Typical of the Northern Hemisphere, the giant sequoias are, for example, the largest trees on the face of the Earth, sometimes going beyond 100 meters in height. The only species of araucaria present in Brazil, the popular Brazilian pine or Parana pine (Araucaria angustifolia), can reach a height of 50 meters and its trunk show a diameter of up to 2 meters.
There is an explanation for the flagrant contrast in dimensions between the 21st century conifers and their more ancestral forms. In a movement more or less similar to and contemporary with what happened to the dinosaurs, which, from tiny reptiles, gave origin to creatures of good-sized proportions, the conifers, between the end of the Triassic period and the Jurassic period, some 200 million years ago, also took on gigantic proportions. At a given point in History, the conifers, then plants of discrete proportions, started to gain the stature of trees, driven by climatic changes on the planet.
“These fossils of primitive araucarias from Faxinal do Soturno must be representative of the last moment in which the groups of conifers that today display a large stature were still bushes,” comments Tânia, who worked with funding of some R$ 15,000 from Unisinos and the National Council for Scientific and Technological Development (CNPq).
To corroborate this hypothesis, the researcher mentions the petrified remains of large conifer trunks that have been found since 1931 in the Mata region and in other parts of Rio Grande do Sul. Also related to the modern Araucariaceae family, these fossils also had trunks of about 1 meter in diameter. They were discovered at a geological level of the Triassic period a little more recent than the Faxinal outcrop that furnished the remains of bush conifers.
“The conifers from Mata must be older than those from Faxinal,” the researcher reckons. “It is reasonable to believe that the increase in the size of the conifers in various parts of the globe occurred during an interval of 17 million years.” If this change in size amongst conifers really took place at the end of the Triassic period, as the fossil evidence leads one to believe, Rio Grande do Sul is the only Brazilian state, up to the moment, in which signs of this transition are to be found.
Close to the sea
Although there are fossil records that situate the emergence of the first conifers at some 400 million years ago, this group of gymnospermous plants – which are characterized for having naked seeds, unprotected by a fruit or a flower – only came to have any importance in the planet’s flora much later on, coinciding with the development of the large dinosaurs. It is interesting to recall that, at this point in the history of the Earth, the world was very different from what it is today. The climate was extremely hot and dry, and all the continents were joined together in an immense landmass called Pangaea, the center of which was practically a great desert.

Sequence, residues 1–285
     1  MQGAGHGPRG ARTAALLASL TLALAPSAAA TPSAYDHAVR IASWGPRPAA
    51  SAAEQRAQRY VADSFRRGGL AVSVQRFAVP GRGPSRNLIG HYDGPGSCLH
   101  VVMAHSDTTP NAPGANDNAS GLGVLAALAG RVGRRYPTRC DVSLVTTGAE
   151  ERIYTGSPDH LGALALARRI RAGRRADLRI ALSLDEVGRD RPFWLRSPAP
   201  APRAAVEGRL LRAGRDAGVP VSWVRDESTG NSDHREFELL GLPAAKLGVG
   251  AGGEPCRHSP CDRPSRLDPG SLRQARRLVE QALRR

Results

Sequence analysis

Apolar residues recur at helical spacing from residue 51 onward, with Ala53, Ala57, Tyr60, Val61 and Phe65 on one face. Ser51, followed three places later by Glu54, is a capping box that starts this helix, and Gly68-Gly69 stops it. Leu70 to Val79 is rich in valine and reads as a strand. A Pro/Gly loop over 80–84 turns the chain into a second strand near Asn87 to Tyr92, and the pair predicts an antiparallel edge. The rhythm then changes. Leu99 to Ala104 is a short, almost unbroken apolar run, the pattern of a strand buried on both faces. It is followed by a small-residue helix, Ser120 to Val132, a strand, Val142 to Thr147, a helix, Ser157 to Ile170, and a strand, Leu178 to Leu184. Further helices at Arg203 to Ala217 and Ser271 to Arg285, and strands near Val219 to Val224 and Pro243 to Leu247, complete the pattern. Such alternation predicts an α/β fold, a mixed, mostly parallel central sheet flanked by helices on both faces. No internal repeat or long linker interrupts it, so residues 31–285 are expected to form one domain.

Conifers occurred close to the edges of the continents, at places subject to the influence of the sea, supposedly more humid. Their acme in terms of arboreal vegetation practically coincided with the primacy of the dinosaurs on Earth (between 220 and 65 millions of years ago). This parallelism with the zenith of these mythical creatures explains, in part, the great interest in getting to know the evolution of this group of trees. “Some dinosaurs, like the brontosaurs, used to feed of the branches of the conifers”, Tania says.
By virtue of the progressive continental drift, of a series of climatic alterations and of the appearance of plants with flowers (angiosperms) – with a series of adaptive advantages, the conifers (and the gymnosperms) lost their primacy on the planet. Today, the presence of this group of trees – pine trees, sequoias, cedars, cypresses and firs – is restricted to areas with a more temperate climate, usually in places with a high latitude or altitude. The Araucariaceae, a family of gymnosperms with which the organs of the fossilized proto-araucarias from Faxinal do Soturno show some relationship, became limited to the Southern Hemisphere and to three distinct genera: Wollemia, Agathis and Araucaria.
Very visible in Brazil since the last glaciation, which began 5 million years ago and ended 10,000 years ago, araucarias have already occupied an area close to 200,000 square kilometers. They are found today in vast areas of a rainy temperate climate in Rio Grande do Sul, Paraná and Santa Catarina, with sparse patches in the southeast and northeast of São Paulo, the south of Minas Gerais, southwest of Rio de Janeiro and in the east of Misiones Province (Argentina), which, all added up, do not go beyond 4% of the original area. The oldest pine tree in Brazil still alive is to be found in the municipality of Canela, in Rio Grande do Sul. It is 48 meters high and has an estimated age of 700 years.Republish